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Emergency coordinators, information, and response
  • The emergency coordinator must respond to any emergencies that arise.

At all times there must be at least one employee either on the premises or on call (available to respond to an emergency within a short time) with the responsibility for coordinating emergency response measures. This employee is the emergency coordinator.

The Environmental Protection Agency’s (EPA’s) emergency procedures in 262 Subpart M require the emergency coordinator to put the facility’s emergency plan into action, including activating the alarm system and notifying facility personnel. This includes characterizing the emergency — and if it is determined to be hazardous to surrounding neighborhoods, notifying local and state emergency response teams and/or the National Response Center.

The emergency coordinator must ensure that, in the affected area(s) of the facility:

  • No waste that may be incompatible with the released material is treated, stored, or disposed of until cleanup procedures are completed; and
  • All emergency equipment listed in the contingency plan is cleaned and fit for its intended use before operations are resumed.

The owner or operator must note in the operating record the time, date, and details of any incident that requires implementing the contingency plan. Within 15 days after the incident, the owner or operator must submit a written report on the incident to the Regional Administrator.

Post the following information next to the telephone:

  • The name and telephone number of the emergency coordinator;
  • Location of fire extinguishers and spill control material, and, if present, fire alarm; and
  • The telephone number of the fire department unless the facility has a direct alarm.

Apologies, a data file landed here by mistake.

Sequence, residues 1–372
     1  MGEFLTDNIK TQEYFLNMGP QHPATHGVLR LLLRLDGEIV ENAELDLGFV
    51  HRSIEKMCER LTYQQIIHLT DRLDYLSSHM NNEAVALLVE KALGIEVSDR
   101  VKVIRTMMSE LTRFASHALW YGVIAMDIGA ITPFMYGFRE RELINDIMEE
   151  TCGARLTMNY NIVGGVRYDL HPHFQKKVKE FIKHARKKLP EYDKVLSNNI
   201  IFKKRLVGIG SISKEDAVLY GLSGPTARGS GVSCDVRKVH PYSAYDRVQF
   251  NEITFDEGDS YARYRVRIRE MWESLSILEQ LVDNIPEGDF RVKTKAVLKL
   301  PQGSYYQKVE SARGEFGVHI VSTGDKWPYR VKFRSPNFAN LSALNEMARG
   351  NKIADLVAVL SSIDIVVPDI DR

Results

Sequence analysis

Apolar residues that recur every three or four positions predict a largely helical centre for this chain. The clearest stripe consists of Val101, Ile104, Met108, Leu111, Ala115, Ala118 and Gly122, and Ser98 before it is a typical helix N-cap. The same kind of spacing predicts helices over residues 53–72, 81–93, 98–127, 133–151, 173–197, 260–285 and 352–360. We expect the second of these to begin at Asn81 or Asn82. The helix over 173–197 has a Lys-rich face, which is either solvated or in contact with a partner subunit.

Emergency response

The emergency coordinator must respond to any emergencies that arise. The applicable responses are as follows:

  • In the event of a fire, call the fire department or attempt to extinguish it using a fire extinguisher;
  • In the event of a spill, contain the flow of hazardous waste to the extent possible, and as soon as is practicable, clean up the hazardous waste and any contaminated materials or soil;
  • In the event of a fire, explosion, or other release which could threaten human health outside the facility or when the generator has knowledge that a spill has reached surface water, the generator must immediately notify the National Response Center (using their 24-hour toll free number: (800) 424-8802). The report must include the following information:
    • The name, address, and U.S. EPA Identification Number of the generator;
    • Date, time, and type of incident (e.g., spill or fire);
    • Quantity and type of hazardous waste involved in the incident;
    • Extent of injuries, if any; and
    • Estimated quantity and disposition of recovered materials, if any.